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No. Effing. Way.
Natalie Powell limped into her favorite Fitzrovia pub, the heel from her suede ankle boot in one hand, her cell phone in the other. Expletives fell from her mouth like rain. As she crossed the threshold, she stopped mid-curse when she heard her voice echo throughout the mostly empty bar. Half a dozen judgmental heads snapped in her direction.
"Uh..." She flashed an apologetic smile at the pub patrons staring her down. "I'm gonna have to call you back," she whispered.
Head down, she ended the call and retreated to the bar.
"Vodka martini, please." She slid onto a stool. "Very dry."
"Actually, can you make that two?" A man took the barstool beside her. "With two olives please."
She could feel the man's eyes on her but she kept her focus on the collection of bottles on the wall. Engaging in polite chit-chat with a stranger wasn't on her Final Night in London to-do list. Thankfully, the bartender was quick with her drink. She reached for her handbag but the gentleman beside her was too fast.
"Allow me." He pulled his wallet from his hip pocket.
"Thank you." She didn't bother to make eye contact.
She kept her attention on the collection of bottles on the wall, eager to disappear inside a frosty glass of Grey Goose and vermouth. She was only a few sips into her drink when the man stood and removed an object from his pants pocket. He placed it on the bar equidistant between them then parked himself back on the barstool without a word. A stealthy glance revealed something unexpected--a vintage silver pocket stopwatch quietly ticking off the time.
"Been a bit since we've seen that 'round here." The bartender tapped the bar top with a grin.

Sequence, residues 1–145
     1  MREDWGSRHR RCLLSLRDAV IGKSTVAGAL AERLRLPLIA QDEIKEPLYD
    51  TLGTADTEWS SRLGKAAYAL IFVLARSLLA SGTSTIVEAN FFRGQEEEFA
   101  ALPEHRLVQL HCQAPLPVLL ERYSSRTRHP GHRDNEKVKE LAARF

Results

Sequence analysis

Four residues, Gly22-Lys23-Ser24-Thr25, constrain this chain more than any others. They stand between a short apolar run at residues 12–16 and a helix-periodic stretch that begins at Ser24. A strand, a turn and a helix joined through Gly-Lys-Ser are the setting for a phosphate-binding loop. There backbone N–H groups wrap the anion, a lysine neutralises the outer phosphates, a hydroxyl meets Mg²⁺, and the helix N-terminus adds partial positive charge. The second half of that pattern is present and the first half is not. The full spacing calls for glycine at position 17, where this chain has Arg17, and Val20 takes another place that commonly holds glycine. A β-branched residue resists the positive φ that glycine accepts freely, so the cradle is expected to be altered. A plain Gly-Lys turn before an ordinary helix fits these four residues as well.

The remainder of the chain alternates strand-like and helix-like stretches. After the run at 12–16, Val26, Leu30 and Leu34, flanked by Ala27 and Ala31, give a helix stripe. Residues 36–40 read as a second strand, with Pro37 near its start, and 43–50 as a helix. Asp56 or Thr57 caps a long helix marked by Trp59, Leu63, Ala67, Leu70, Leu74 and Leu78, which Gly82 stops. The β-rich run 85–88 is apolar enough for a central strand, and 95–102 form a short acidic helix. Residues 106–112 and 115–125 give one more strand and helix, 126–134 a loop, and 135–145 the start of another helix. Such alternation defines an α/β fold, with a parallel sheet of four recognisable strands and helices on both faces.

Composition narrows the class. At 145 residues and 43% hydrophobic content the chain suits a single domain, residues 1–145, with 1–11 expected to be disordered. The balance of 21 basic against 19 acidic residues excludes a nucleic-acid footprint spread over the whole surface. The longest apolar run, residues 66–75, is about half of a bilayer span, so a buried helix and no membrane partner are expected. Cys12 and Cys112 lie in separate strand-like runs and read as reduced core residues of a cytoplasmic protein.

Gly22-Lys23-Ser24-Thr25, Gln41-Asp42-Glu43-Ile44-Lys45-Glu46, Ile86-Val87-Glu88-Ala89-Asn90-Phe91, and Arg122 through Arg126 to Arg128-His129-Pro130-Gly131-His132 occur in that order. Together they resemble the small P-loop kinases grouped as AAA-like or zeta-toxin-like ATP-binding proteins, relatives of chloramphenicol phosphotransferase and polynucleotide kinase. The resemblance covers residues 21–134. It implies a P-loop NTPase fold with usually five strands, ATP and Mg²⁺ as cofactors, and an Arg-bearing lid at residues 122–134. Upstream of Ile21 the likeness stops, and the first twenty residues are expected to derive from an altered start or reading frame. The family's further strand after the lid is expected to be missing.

"That's because there hasn't been a reason for it until now," the man said.
Natalie's interest was piqued. While not a regular customer, she did drop in to the pub a couple of times a month with good friends who lived in the area. Enough times to know that the bartender's name was Eddie, that he was also the owner, and had no problem personally tossing drunk and disorderly patrons from his establishment. In the times she'd visited the pub, she'd never seen the gentleman beside her. Not that she'd taken a real good look at him--but she'd have definitely remembered his voice and his slow American southern drawl. A refreshing sound but painfully out of place in London.
"How long you givin' it?" Eddie asked.
"This one might take a little while. Don't think I'll be setting any records," the man replied.
"Don't sell yourself short, mate. I have a feeling tonight might be just the opposite." He winked.
Their conversation ended. Eddie went back to his task of prying open cardboard wine boxes with a pair of utility scissors. Several minutes passed. A rugby match played on the flat screen behind the bar, its commentary the only voices filling the air. The man beside her continued to nurse his martini in silence. As discreetly as possible, she eyed the stopwatch. A total of six minutes had passed since he'd placed it there. She knew exactly what he was doing. His methods were unconventional, creative, and snarky. His profile was strong, handsome, and she liked the natural wave in his thick, dark hair. She couldn't help but play along.
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Chasing Mr. CrownRomance
When she falls for her Texas CEO one night stand only to find he's fallen for her sister, Natalie Powell is left with one thought: Houston, we have a problem. ***** Event planner...